Running a Race of Her Own
Running a Race of Her Own
The story of Quinn Crispell and her first semester as a DIII student-athlete with Down syndrome
Quinn Crispell, a first-year student with Down syndrome, accomplished her first semester as a DIII cross country athlete as a traditional full-time student, achieving a 3.75 GPA and set to run in the National Down Syndrome Society’s relay race in March.
Crispell is unique because she is believed to be the first person with Down syndrome to compete in a varsity sport on the NCAA level. Since being a 7th grader at Wyoming Valley West, Crispell has been running cross country, working closely with the coaching staff at Misericordia. She is seen running with her team across campus during practice and throughout the day, showing her dedication to the sport.
The National Down Syndrome Society (NDSS) explains how Down syndrome occurs when an individual has a full or partial extra copy of chromosome 21. This additional genetic material alters the course of development and causes the characteristics associated with Down syndrome. However, Individuals with Down syndrome are becoming increasingly integrated into society and community organizations, such as schools, health care systems, workforces, and social and recreational activities.
When asking Crispell about running cross country, she says, “I love running and being part of the team! Even my one friend on the team was a teammate in high school.” She talks about her favorite race she has even run, her race at Disney. “I really, really love Disney. You get to go through all the different countries and through Epcot, and it is really cool.” She also participates in the National Down Syndrome Society’s 3.21 Run, where she participates and runs to raise awareness about the abilities of individuals who have Down syndrome.
Her next big race will be with the National Down Syndrome Society’s relay race from March 17-19, where she will run for Team NDSS 3.75 miles in the relay that starts in New York City and to Washington, DC. The event is in conjunction with World Down Syndrome Day, which is March 21st.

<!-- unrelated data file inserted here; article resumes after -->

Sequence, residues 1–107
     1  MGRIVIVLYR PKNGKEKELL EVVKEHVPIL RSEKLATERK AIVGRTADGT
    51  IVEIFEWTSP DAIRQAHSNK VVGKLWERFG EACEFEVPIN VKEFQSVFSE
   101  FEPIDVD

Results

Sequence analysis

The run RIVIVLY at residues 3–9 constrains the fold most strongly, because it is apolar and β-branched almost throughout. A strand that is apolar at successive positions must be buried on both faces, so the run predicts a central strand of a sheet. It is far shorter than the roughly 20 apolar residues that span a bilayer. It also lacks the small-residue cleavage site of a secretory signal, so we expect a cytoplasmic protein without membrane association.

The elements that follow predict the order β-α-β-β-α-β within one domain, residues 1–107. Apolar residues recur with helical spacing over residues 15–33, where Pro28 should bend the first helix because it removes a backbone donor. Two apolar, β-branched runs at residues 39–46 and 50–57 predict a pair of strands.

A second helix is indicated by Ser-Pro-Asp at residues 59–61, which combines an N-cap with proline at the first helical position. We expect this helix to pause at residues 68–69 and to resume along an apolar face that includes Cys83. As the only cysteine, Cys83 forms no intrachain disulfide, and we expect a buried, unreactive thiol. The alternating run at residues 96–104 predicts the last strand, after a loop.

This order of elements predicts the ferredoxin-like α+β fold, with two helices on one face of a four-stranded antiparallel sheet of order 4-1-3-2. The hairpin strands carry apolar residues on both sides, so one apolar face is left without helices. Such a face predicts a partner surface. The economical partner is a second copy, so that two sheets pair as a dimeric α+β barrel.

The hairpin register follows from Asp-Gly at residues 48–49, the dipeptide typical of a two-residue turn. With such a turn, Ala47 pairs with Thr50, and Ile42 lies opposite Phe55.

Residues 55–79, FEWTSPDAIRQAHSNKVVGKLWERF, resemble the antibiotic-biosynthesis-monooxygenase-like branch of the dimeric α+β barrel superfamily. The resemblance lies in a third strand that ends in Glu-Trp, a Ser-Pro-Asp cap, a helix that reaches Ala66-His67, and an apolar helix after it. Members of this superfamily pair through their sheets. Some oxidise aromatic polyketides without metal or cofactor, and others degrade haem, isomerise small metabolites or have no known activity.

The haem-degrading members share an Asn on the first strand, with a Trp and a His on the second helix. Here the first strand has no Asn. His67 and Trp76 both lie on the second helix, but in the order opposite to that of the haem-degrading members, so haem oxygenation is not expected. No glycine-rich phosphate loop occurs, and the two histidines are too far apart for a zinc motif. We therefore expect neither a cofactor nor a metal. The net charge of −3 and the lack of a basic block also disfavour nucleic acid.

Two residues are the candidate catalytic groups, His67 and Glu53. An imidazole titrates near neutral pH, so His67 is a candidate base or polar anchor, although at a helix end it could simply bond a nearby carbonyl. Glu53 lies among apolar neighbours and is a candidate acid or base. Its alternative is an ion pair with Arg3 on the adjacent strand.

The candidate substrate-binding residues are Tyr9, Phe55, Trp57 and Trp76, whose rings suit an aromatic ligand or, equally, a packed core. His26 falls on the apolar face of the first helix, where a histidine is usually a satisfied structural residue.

However, her time at Misericordia is not just filled with running cross country; she is also a traditional full-time student. Crispell made the Misericordia Dean’s List and the MAC Academic Honor Roll for her first semester with a 3.75 GPA. When asked about her favorite class, she says, “I am taking a religion class. We are talking about Daoism and all these religions that are really interesting.” Crispell uses Misericordia’s Alternative Learners Program (ALP) to complete her full-time classes.
In 1979, ALP was the first program of its kind in Pennsylvania, which Dr. Joe Rogan started. Only a few similar programs are found in the United States. ALP is a structured program that goes beyond the requirements of Section 504 of the Rehabilitation Act of 1973 and the Americans with Disabilities Act (ADA) by providing additional support.
Students at Misericordia in ALP start before their first-year orientation in August as part of the Bridge program, which was developed to help students transition into college through workshops and socialization. ALP students are provided additional skills and strategies during their first semester in the Learning Strategies course. What makes ALP so important is that the students work one-on-one with an ALP Program Coordinator, meeting once a week or more to help with accommodations, academic planning, working with faculty, and socializing on campus. Students can go to their coordinators for anything and everything.
Misericordia University also offers many resources on campus to students, such as a tutoring and writing center and math labs, all of which Crispell utilizes to maximize her success in the classroom, along with ALP services. Meeting with her counselor, Jessica Aritz, M.S., coordinator, ALP, twice a week or more with a smile, Crispell makes sure to check in and use the ALP services that help a traditional full-time student in the program.
Aritz says she notices that the cross country team has allowed Crispell to have an excellent social connection on campus. Artiz says Crispell has a “sweet and kind demeanor that makes her easy to talk to and get along with. It’s a delight to see her walking around campus and see other students stopping to say hi and ask how her day is going. Quinn is always excited to tell me about lunch with her teammates and friends. It has been a delight getting to know Quinn this semester, and I can’t wait to see what the future holds for her.”
Just talking to Crispell, you can tell that her smile makes everyone’s day just a little brighter. The message is that Down syndrome does not make Crispell who she is, but rather something she has because Crispell is a runner, friend, student, MU cougar, daughter, and an incredible person. Her future is limitless at Misericordia University and beyond.